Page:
In the US, Dr. Berman, a cosmetic surgeon, said stem cell therapy isn’t under the jurisdiction of the US FDA, since it’s a surgical procedure.
“The FDA is responsible for approving drugs and devices,” he said. “If you take cells from somebody and manufacture it in a laboratory and make claims about that, you’re making a drug. But if you’re doing what Dr. Z and Dr. Aivee are doing, which is a surgical procedure, isolating stem cells in a surgical environment, and not making claims about cells guaranteed to do this and that… You’re making a product, yes, but it’s during a surgical procedure. We do that in surgery all the time, tissues are moved around in the body… All the machines used for the procedure are already FDA-approved.”
Answering questions about clinics offering stem cells harvested from young Europeans, Dr. Teo said: “The safest should be from the same person. If it’s from someone else, we require stringent measures, if the process was sterile, etc. There’s fear and danger of safety [if it’s from another country]. Stem cells last only two to three days. The sources can also be dubious.
“In Singapore, stem cell treatment is now very mainstream for orthopedic conditions. The Singapore government is doing a study. Countries are progressing at different speeds.”
Exorbitant fees
Certain medical organizations, like the Philippine College of Physicians, have questioned the practice of charging exorbitant fees for what they consider to be experimental medicine. It’s the PCP’s stand that fees for procedures such as stem cell therapy should be waived as their efficacy have yet to be proven in clinical studies.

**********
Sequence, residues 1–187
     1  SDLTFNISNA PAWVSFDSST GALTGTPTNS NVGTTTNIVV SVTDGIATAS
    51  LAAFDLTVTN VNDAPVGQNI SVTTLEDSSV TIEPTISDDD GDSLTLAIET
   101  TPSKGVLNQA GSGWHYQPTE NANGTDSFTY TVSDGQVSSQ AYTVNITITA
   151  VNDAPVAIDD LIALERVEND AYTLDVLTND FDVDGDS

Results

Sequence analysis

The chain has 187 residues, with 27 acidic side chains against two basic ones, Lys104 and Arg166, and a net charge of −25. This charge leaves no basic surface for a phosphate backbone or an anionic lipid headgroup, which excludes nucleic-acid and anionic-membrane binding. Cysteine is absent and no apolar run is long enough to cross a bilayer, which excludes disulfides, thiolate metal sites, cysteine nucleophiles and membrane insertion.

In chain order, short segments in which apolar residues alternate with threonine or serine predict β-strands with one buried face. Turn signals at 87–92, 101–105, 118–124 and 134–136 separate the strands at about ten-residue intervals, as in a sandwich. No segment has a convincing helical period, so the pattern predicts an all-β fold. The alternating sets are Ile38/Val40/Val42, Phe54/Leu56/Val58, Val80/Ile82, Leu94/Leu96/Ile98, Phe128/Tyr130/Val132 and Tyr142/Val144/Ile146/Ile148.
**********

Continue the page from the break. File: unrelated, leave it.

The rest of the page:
However, Dr. Olarte echoed what Health Secretary Enrique Ona said in interviews: that local clinics can’t conduct these procedures free of charge, citing the cost of such procedures.
“Down the road, it will be more accessible, as technology improves and medicines become more efficient,” Dr. Teo noted. His wife said their clinic’s rate for FSCR has gone down some 30 percent from last year.
“Cataract treatment used to be very expensive,” Dr. Berman noted. “Now it’s covered by health insurance [in the US]. Once there’s more data, the insurance will cover it. Say, instead of sending you for a knee replacement, which is expensive because it requires hospitalization, they’ll send you for stem cell treatment. That’s how it is in medicine.”